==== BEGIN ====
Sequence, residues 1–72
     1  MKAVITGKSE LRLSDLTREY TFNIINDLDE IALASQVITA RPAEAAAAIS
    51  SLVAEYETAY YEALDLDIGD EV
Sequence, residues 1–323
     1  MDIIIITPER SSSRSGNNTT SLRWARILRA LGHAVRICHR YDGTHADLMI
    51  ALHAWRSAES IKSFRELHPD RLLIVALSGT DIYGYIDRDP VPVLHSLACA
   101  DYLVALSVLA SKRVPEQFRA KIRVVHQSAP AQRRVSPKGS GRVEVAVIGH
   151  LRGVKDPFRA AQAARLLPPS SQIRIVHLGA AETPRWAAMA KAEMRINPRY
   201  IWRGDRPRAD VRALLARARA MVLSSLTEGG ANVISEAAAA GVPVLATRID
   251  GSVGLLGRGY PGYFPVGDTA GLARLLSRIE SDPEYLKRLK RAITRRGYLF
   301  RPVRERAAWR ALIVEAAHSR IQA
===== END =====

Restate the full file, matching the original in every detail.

Sequence, residues 1–72
     1  MKAVITGKSE LRLSDLTREY TFNIINDLDE IALASQVITA RPAEAAAAIS
    51  SLVAEYETAY YEALDLDIGD EV
Sequence, residues 1–323
     1  MDIIIITPER SSSRSGNNTT SLRWARILRA LGHAVRICHR YDGTHADLMI
    51  ALHAWRSAES IKSFRELHPD RLLIVALSGT DIYGYIDRDP VPVLHSLACA
   101  DYLVALSVLA SKRVPEQFRA KIRVVHQSAP AQRRVSPKGS GRVEVAVIGH
   151  LRGVKDPFRA AQAARLLPPS SQIRIVHLGA AETPRWAAMA KAEMRINPRY
   201  IWRGDRPRAD VRALLARARA MVLSSLTEGG ANVISEAAAA GVPVLATRID
   251  GSVGLLGRGY PGYFPVGDTA GLARLLSRIE SDPEYLKRLK RAITRRGYLF
   301  RPVRERAAWR ALIVEAAHSR IQA